GENET archive


2-Plants: Non-GE caffeine-free coffee bred in Brazil

                                  PART I
-------------------------------- GENET-news -------------------------------

TITLE:  Grow a decaffeinated cuppa
SOURCE: Nature 429, UK, by Helen R. Pilcher
DATE:   24 Jun 2004

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Grow a decaffeinated cuppa

Brazilians discover bushes without the buzz.

Naturally caffeine-free coffee has been found growing on trees. Its
discoverers hope it will yield a cheap, flavoursome alternative to the
artificially decaffeinated coffee already on the market.

Brazilian researchers bred 3,000 Ethiopian coffee plants as part of a
programme to produce low-caffeine strains. They found three bushes, all
derived from the same plant, that were virtually caffeine free,
containing 15 times less stimulant than commercial strains. The discovery
is reported in this week's Nature1.

Caffeine-free coffee plants have been found before, growing wild in
Madagascar. But they yield inferior beans unsuited for coffee production.
The Brazilian shrubs belong to the species Coffea arabica, the most
cultivated and consumed coffee in the world.

"This is the first time anyone has found a decaffeinated version of
Coffea arabica," says Paulo Mazzafera from the State University of
Campinas, who co-discovered the plants. They are thought to lack the gene
for an enzyme that is required to make caffeine.

Full of beans

Over 10% of coffee consumed worldwide is decaffeinated, so demand for a
tasty, low-caffeine blend is high. Currently caffeine is stripped from
coffee using costly industrial processes. Organic solvents and carbon
dioxide are used to purge the caffeine from the beans, but they strip
away key flavour compounds at the same time. An alternative that does not
destroy so much of the taste is to sift out the caffeine with a carbon
filter, but this is even more expensive.

Mazzafera, who prefers a full-strength fix, hopes his discovery will help
those who find it physically difficult to tolerate caffeine. The chemical
can raise blood pressure, trigger palpitations and disrupt sleep.

The researchers do not yet know how their plants would fare as a
commercial crop. They have not been able to taste any coffee made from
the plants as these will take several years to mature. Their bushes also
grow around 30% more slowly than standard arabica plants, so the team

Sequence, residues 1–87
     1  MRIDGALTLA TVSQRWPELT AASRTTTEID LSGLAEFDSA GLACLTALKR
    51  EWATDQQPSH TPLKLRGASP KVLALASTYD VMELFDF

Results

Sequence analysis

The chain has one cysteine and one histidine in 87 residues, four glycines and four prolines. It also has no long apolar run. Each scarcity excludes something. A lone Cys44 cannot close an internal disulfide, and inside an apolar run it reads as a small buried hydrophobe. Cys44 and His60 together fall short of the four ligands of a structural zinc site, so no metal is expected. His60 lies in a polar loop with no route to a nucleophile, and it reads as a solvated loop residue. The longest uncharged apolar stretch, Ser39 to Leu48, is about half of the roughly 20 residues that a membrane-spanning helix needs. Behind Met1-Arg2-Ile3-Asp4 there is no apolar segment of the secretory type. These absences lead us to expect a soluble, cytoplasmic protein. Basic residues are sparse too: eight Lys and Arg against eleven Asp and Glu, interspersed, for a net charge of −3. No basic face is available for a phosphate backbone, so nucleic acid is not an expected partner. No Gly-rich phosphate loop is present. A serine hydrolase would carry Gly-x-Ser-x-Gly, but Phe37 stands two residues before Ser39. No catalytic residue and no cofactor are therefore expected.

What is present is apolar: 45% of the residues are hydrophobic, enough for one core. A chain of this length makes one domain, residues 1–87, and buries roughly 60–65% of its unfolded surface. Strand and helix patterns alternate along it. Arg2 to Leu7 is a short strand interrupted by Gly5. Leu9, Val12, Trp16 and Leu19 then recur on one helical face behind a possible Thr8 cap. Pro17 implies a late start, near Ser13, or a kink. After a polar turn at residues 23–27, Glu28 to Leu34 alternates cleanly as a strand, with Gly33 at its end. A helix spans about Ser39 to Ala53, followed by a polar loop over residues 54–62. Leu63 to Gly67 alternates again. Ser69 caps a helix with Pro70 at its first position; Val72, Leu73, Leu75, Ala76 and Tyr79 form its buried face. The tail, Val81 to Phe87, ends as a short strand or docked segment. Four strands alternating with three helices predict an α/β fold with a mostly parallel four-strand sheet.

hopes to crossbreed them with their caffeine-rich relatives to produce a
fast-growing, caffeine-free variety.

But selective breeding like this can take ten years or more, giving
competitors a chance to edge in on the market. For example, a genetically
modified low-caffeine coffee plant is just a few years from maturity.

"The genetically modified route may well be more successful," says plant
scientist Alan Crozier of the University of Glasgow's Institute of
Biomedical and Life Sciences "It should be possible to produce a plant
that is completely caffeine free," he explains. Naturally bred species
can still contain trace amounts of the chemical. But those opposed to
genetically modified foods may find the Brazilian approach worth the wait.


1. Silvarolla, M. B., Mazzafera, P. & Fazuoli, L. C. . Nature, 429, 826,

                                  PART II
-------------------------------- GENET-news -------------------------------

TITLE:  Ethiopians bask in discovery of decaf bean
SOURCE: South African Press Agency / German Press Agency
DATE:   26 Jun 2004 

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Ethiopians bask in discovery of decaf bean

Addis Ababa - Coffee-loving Ethiopians were beaming with pride on
Saturday with the news that a virtually caffeine-free coffee bean of a
high quality has been discovered growing wild in their country.

The discovery, made by a team of Brazilian scientists headed by plant
physiologist Paulo Mazzafera and reported in the latest issue of
scientific journal Nature, made headlines Saturday in the government
organ, The Ethiopian Herald.

Mazzafera, as cited by the Herald, said his team had discovered a
naturally decaffeinated coffee arabica plant, a species normally
recognised for the high quality of its beans.

He said the newly found wild plant produces a naturally decaffeinated
coffee bean, which he called a "unique product" for people who don't like
genetically modified organisms and but like the taste of coffee.

Previous discoveries of wild caffeine-free beans have been from lesser-
quality plants, unsuitable for commercial production. The Coffee arabica
species however is the most widely-cultivated coffee plant in the world.

About 10 percent of the coffee consumed around the world is processed to
remove caffeine, "a natural chemical linked with heart palpitations,
raised blood pressure, anxiety, tremors, gastrointestinal upset and
insomnia", according to Nature.

Removing the caffeine however also removes organic ingredients that
affect the taste and aroma of the coffee.

The three decaffeinated coffee plants discovered growing wild in Ethiopia
were said to look "no different" from normal arabica plants, but are are
thought to lack the gene for an enzyme that is required to make caffeine.

British and Japanese scientists were said to have been developing a
caffeine-free coffee plant through genetic manipulation.

 "But in the current anti-genetically modified climate, it was unlikely
that consumers would accept such a product," Mazzafera wrote in Nature.


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